Some were in their 90s. The oldest was 104. Many needed the assistance of a walker or a wheelchair.
That didn’t stop residents of Blocher Homes from making sure their voices were heard in a protest Monday over the proposed sale and closing of their Williamsville assisted living facility.
“We just felt it was extremely important,” said 75-year-old Syd MacDougall, who sat in her wheelchair and held a picket sign. “I mean, we’re frail. We walked down a long driveway to come out because we really believe.”
Residents, joined by employees and nearby neighbors of the facility, gathered on its front lawn along Evans Street holding signs and chanting as part of the ongoing pushback against plans to close the 57-bedroom facility.
Blocher Homes’ not-for-profit parent, Beechwood Continuing Care, announced plans in July to sell the facility to People Inc., which would convert and expand it into housing for adults with mixed income and disabilities. The proposed project would cost about $29 million and is pending approval from both the local village and New York state.
Beechwood officials have cited financial loss as the reason for the sale and closing. Blocher Homes’ IRS Form 990 from 2017 shows it had a loss on its $3.18 million in revenue.
“We’re very happy here and we’ll be very disappointed if we have to move,” said Maureen Corr, 86, who has lived at Blocher Homes since January. “It’s small, it’s intimate, it’s only two floors so we get to know everybody. People aren’t looking forward to the move, believe me.”
While many would like to save the facility and remain there for the rest of their lives just as they planned, others are resigned to the fact that the closing is inevitable. Instead, they’re demanding clearer answers on what comes next.
Beechwood officials originally indicated Blocher Homes’ roughly 50 residents would be placed in yet-to-be-created assisted living space at Beechwood’s larger campus in Getzville, according to residents. However, the plan is now for residents to be placed in existing skilled nursing space at the Getzville campus.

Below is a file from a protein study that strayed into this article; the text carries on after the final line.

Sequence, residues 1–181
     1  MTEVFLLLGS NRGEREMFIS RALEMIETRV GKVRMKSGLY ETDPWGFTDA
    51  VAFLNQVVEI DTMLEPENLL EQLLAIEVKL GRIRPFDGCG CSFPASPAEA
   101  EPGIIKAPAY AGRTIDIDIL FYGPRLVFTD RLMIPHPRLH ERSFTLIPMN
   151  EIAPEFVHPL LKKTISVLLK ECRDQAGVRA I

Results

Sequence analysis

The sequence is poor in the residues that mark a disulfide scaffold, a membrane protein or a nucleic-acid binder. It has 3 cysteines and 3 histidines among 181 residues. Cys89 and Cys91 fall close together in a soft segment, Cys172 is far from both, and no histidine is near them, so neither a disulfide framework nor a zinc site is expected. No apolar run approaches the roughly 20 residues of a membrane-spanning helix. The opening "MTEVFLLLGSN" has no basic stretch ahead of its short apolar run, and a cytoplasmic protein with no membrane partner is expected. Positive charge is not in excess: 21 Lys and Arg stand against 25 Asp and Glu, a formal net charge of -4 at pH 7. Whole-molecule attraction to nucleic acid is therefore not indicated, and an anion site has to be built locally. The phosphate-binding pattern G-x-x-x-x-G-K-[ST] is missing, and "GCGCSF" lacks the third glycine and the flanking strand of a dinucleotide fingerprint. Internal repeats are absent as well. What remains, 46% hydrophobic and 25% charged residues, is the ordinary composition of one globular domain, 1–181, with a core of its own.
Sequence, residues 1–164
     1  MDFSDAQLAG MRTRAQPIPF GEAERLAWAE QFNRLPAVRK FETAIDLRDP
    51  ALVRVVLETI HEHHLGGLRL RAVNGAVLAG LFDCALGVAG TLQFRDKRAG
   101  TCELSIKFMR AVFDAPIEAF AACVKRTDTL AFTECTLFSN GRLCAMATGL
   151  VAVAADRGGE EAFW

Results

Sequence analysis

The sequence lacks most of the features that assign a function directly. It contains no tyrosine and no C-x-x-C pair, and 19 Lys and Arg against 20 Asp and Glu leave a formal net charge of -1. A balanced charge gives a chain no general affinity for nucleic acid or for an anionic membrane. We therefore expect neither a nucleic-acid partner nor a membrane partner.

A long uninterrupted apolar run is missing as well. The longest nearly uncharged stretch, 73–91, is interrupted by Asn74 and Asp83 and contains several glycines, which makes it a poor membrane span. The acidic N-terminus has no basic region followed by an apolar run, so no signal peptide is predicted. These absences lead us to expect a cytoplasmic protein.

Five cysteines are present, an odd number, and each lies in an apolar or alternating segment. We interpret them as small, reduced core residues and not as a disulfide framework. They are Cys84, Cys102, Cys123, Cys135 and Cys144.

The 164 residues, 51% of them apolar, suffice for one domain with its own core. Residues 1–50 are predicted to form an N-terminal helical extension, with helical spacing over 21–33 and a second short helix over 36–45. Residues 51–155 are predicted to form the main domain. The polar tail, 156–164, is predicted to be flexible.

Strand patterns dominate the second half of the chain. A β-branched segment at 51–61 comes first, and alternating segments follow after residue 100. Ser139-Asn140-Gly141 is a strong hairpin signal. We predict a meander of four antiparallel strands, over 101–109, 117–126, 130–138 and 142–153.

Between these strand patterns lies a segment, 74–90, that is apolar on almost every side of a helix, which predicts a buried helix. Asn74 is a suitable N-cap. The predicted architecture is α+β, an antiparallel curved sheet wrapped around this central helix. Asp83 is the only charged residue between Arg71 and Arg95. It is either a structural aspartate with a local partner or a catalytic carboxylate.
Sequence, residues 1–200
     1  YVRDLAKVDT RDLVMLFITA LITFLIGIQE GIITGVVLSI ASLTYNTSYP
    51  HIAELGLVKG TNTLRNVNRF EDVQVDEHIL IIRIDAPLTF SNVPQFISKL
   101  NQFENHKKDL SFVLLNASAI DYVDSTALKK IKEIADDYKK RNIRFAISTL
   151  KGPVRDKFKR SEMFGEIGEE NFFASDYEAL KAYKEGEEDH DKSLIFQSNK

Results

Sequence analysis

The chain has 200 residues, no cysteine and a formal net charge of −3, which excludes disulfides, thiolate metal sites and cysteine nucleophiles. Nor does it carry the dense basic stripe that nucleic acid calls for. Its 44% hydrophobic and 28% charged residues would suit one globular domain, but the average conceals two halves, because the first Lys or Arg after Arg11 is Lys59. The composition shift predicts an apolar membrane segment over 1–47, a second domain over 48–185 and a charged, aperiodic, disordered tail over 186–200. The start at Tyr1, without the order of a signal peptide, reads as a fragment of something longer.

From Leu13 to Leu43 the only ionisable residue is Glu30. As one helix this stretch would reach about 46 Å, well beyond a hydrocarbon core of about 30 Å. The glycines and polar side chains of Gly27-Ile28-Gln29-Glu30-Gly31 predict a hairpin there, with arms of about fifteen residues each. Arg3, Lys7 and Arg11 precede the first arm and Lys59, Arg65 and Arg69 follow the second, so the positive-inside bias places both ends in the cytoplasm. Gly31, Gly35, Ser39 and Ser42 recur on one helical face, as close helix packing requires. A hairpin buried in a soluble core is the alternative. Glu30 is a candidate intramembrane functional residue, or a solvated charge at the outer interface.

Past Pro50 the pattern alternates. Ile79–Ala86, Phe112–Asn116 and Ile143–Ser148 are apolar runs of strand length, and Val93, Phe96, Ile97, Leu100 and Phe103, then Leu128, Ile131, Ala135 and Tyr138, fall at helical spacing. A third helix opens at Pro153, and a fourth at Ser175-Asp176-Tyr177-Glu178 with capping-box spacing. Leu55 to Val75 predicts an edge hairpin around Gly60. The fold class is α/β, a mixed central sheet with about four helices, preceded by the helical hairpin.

Beechwood officials have said Blocher Homes residents won’t have to pay more for the increased level of care that comes with skilled nursing.
The uncertainty of it all has “unnerved” residents, according to MacDougall, who is Blocher Homes’ youngest resident.
“It’s not knowing where you’re going and just wanting straight answers and not receiving them,” she said. “(Being) told that we’re going into a different level of care that we don’t think we need, that’s big.”
“I have seen people, they’re nervous wrecks,” she added, “and I worry tremendously about their health and I worry about my own health. I came here after a stroke and I don’t want another stroke.”
Blocher Homes employees say they also feel uncertainty.
1199SEIU, which represents nearly 12,000 health care workers across Western New York and has 18 members at Blocher Homes, joined Monday’s protest, holding signs that said, “Protect our residents, protect our jobs.”
Marshall Bertram, an administrative organizer with the union, said Beechwood officials have not told workers how many of their jobs will be transferred to the Getzville campus, and have refused requests to discuss the closing.
“Our demand has never been to stop the sale,” Bertram said. “Our demand has simply been we want to sit down, we want to negotiate over what’s going to happen with our workers and we want to make sure they’re assured jobs with good benefits … in the future.”
Beechwood officials declined an interview Monday, but President and CEO Daniel O’Neil provided a written statement saying Beechwood has already assured 1199SEIU it will bargain once the sale is official.
O’Neil added that Beechwood has shared and will continue to share the most current information available with residents and workers, noting the project will likely not receive approval until at least the spring. The Williamsville Planning Board looked at the project again Monday night.
“Blocher Homes has always provided compassionate, high quality resident care and will continue to do so through this transition — always with an emphasis on quality of life and dignity,” O’Neil said in his statement.
Blocher Homes was originally opened in 1906 by John and Elizabeth Neff Blocher. The facility affiliated with Beechwood in 1977 and now shares boards of directors, human resource departments and other resources with the not-for-profit.
92-year-old Arlene Bolton said she and other residents enjoy the attention and close-knit atmosphere that comes with a smaller facility like Blocher Homes.
“We want to stay here,” she told WBFO. “We just want to stay here.”
For MacDougall, it’s important seniors have a say in where they’re living.
“It’s not just for us, it’s for seniors everywhere who feel that they don’t have a voice,” she said, “and it’s important to know that everyone has a voice, no matter what your age is.”